Building on buoyant year-over-year exploration spending, S&P Global Market Intelligence forecast a 20% increase in 2018 exploration expenditures in its World Exploration Trends report.
Estimated exploration budgets, tracked by S&P Global Market Intelligence, picked up in 2017 after four years of declines. In 2017, estimated budgets for nonferrous metals grew to US$8.4 billion from US$7.3 billion in 2016.
The trend may continue. Estimated budgets spiked in the final quarter of 2017, reflecting investor hunger in the metals and mining market.
One caveat to the forecast is possible market uncertainty. This has been underscored recently by Trump administration plans to enforce a 25% tariff on steel and 10% tariff on aluminum imports, which has deepened fears in global markets of trade retaliation as some U.S. trading partners threaten the administration with consequences.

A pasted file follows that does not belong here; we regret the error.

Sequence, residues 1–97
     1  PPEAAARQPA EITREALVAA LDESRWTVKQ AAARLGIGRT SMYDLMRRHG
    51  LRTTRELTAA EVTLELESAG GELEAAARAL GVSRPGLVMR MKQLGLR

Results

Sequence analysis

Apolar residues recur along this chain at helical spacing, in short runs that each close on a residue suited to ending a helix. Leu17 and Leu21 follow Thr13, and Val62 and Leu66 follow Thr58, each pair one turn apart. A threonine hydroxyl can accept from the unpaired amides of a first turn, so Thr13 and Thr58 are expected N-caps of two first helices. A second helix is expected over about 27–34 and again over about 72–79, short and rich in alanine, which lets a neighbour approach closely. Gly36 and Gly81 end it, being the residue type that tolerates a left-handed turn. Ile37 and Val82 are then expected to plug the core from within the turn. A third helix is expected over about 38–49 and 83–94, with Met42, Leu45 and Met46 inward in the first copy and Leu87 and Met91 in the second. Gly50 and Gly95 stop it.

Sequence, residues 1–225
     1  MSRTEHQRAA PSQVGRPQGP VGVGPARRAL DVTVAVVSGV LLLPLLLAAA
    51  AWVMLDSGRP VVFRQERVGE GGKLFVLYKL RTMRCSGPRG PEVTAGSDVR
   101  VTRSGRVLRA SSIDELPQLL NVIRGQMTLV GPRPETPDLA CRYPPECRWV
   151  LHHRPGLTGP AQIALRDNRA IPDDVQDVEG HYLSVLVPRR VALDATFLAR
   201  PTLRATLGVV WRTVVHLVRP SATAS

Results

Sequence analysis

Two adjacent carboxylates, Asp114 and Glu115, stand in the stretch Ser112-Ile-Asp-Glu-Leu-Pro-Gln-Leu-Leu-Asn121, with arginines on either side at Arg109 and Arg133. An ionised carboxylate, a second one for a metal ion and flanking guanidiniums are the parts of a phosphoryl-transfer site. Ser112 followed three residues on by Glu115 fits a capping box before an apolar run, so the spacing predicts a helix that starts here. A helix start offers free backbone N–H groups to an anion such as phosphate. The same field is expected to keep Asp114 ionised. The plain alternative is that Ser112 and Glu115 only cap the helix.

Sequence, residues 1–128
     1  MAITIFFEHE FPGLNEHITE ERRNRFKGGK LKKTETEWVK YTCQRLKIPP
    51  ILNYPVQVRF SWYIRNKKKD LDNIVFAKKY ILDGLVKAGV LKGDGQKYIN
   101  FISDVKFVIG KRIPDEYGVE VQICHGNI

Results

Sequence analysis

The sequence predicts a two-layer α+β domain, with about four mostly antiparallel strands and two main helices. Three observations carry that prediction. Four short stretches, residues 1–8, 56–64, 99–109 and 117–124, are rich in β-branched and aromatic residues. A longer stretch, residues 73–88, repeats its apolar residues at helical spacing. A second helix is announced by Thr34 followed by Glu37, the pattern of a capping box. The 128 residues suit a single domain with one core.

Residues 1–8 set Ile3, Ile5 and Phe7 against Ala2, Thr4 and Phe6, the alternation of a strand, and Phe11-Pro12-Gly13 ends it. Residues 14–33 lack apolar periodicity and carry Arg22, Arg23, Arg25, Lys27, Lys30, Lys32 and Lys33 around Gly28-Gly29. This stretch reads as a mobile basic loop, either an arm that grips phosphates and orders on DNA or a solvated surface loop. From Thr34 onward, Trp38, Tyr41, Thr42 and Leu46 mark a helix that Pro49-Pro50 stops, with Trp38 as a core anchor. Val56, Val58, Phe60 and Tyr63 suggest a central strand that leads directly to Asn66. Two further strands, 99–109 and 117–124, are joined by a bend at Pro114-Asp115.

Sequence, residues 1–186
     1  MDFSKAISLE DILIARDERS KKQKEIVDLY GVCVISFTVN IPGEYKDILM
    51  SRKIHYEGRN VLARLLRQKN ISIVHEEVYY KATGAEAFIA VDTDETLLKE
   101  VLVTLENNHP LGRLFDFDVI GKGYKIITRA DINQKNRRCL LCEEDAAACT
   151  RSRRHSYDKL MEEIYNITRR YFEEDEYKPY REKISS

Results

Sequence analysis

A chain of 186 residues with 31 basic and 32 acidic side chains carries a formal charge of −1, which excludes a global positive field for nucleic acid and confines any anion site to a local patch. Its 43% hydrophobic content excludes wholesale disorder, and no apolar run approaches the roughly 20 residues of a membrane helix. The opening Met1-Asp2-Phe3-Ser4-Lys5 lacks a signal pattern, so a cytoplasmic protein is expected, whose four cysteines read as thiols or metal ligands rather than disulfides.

Another caveat is that exploration spending is still relatively muted. "We still have a long way to go," Mark Ferguson, associate director and head of mining studies at S&P Global Market Intelligence, said on the sidelines of the Prospectors & Developers Association of Canada international convention March 5. He pointed to bull market spending in the past decade that was more than double recent years.
Still, renewed investor interest in the metals and mining market is clear. Resurgent metal prices have underpinned a return of investment to the sector. Canada and Australia lead the way with about US$5.6 billion of combined exploration budgets, according to S&P Global Market Intelligence data.
Strong metal prices have driven gains, notably in gold and battery metals, Ferguson said. S&P Global Market Intelligence data shows the spend on lithium budgets doubled in 2017 year over year, with similar increases for cobalt.